* UK banks have access to cheap funding from BoE
* Ring-fencing will reduce need for state bailouts
* RBS, Lloyds borrowing costs broadly stable
By Matt Scuffham
LONDON, Feb 25 The borrowing costs of
part-nationalised British banks were unaffected on Monday by
Britain's loss of a triple-A rating due to measures that had cut
their dependence on the bond market and may reduce their need
for bailouts in future.
On Friday Moody's Investors Service stripped Britain of its
coveted triple-A rating by one notch. The state owns 82 percent
of Royal Bank of Scotland and 41 percent of Lloyds
after stepping in to rescue them during the financial
Since then, the banks have shifted their focus to more
traditional lending and away from the high-flying, more risky
trading that got them into trouble.
"The reality is that the total level of senior bond issuance
from all the UK banks has been declining as they shrink the
non-core and increase deposits within the mix, so the direct
impact is pretty limited," one of RBS's 10 largest shareholders,
who declined to be named, said.
RBS has shed around 700 billion pounds ($1.1 trillion) in
assets in the wake of the financial crisis, while Lloyds has
targeted the sale of 200 billion pounds worth of unwanted loans
Helping that shift, the Bank of England's Funding for
Lending Scheme allows lenders to access cheap funding for making
loans to small businesses and households and has reduced their
need to tap wholesale funding markets.
Investors also cited prospects for new laws that would
ring-fence deposits held by individuals and small businesses
from riskier activity, so that they are unaffected if the risky
side of a bank fails, putting less pressure on the government to
jump to the rescue.
"In theory, this should reduce the correlation between banks
and the sovereign," said Andrew Coombs, an analyst at Citi.
EVEN MORE VULNERABLE TO ECONOMY
The fortunes of RBS and Lloyds are becoming more closely
linked to the British economy, however, as they retrench from
"The risk remains that economic conditions could deteriorate
more severely, leading to reduced levels of activity and higher
impairment losses," Coombs said.
Lloyds Chief Executive Antonio Horta-Osorio has warned of a
"long and difficult recovery" for the British economy.
James Carrick, an economist at Legal & General Investment
Management, said Britain's banks were already rated three
notches below the sovereign, so he is not expecting an automatic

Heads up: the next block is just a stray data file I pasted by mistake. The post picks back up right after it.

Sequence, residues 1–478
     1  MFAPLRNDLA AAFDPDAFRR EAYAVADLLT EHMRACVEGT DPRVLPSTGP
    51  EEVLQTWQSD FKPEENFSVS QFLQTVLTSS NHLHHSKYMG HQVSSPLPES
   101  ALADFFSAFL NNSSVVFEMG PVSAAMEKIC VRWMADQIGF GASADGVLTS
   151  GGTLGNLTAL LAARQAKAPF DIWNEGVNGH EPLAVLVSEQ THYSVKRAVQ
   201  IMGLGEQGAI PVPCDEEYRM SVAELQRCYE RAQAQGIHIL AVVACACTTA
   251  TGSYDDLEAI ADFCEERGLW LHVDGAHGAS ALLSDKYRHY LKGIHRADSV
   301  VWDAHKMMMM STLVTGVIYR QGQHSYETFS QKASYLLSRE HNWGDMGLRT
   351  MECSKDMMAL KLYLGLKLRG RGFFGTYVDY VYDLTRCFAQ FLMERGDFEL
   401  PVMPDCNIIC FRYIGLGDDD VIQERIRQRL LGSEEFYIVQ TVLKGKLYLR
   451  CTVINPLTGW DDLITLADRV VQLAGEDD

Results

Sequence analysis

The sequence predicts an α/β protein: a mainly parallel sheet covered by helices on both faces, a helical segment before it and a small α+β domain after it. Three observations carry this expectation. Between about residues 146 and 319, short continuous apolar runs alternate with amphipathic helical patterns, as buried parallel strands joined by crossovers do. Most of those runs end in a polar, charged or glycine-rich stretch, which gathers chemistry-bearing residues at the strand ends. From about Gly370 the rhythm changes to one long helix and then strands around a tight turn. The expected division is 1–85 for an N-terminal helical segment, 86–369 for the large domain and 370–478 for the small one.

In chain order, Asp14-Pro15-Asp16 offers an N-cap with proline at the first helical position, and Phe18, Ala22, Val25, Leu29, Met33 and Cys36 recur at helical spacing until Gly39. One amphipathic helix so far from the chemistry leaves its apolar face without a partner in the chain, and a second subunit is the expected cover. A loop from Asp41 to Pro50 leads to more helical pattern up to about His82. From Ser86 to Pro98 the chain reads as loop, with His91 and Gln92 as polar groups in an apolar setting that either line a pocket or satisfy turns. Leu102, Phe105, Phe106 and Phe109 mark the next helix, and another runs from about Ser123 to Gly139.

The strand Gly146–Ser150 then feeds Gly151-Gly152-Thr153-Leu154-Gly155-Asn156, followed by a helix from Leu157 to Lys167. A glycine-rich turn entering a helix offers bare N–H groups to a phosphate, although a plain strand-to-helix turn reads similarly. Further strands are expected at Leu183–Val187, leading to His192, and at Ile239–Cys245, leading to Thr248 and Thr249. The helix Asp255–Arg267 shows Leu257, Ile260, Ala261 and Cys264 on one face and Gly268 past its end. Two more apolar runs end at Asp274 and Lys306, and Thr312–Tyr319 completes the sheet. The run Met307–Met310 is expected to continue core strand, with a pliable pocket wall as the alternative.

follow-up change in their ratings.
"This downgrade is bad news for the government, because they
are going to have to reconsider the fiscal tightening they are
going to have to do, but I wouldn't have expected a massive
shock to the funding costs of banks at this stage," he said.
Moody's has an negative outlook on both banks, meaning that
future downgrades are possible.
At the close of trading on Monday, shares in Royal Bank of
Scotland were up 2.8 percent, boosted by news the bank
plans to sell off part of its U.S. business, while Lloyds
Banking Group was up 0.1 percent.
Markit, a firm that provides data on financial markets
including credit derivatives, said the downgrade had already
been factored in and the constraints on Britain's growth
prospects were already well known.
"This captured lots of headlines, but had a negligible
impact on stock and credit markets. The downgrade was more or
less priced in," it said.
On the bond markets, the European subordinated financial
index was 9 basis points tighter at 246 basis points and the
senior financials index was 4 basis points tighter at 146.5
"We don't expect any ratings impact from the UK downgrade,"
a bank analyst said. "In countries like France where the
sovereign has been downgraded, we've seen covered bonds issued
by the country's banks maintain their triple-A rating, which
shows that in some cases investors are more comfortable with
bank debt than government bonds."
Moody's changed its outlook on the UK to stable after the
downgrade, meaning any further change is unlikely for the next
year or so. Standard & Poor's and Fitch still have the country
on a top-notch rating but their outlook is negative.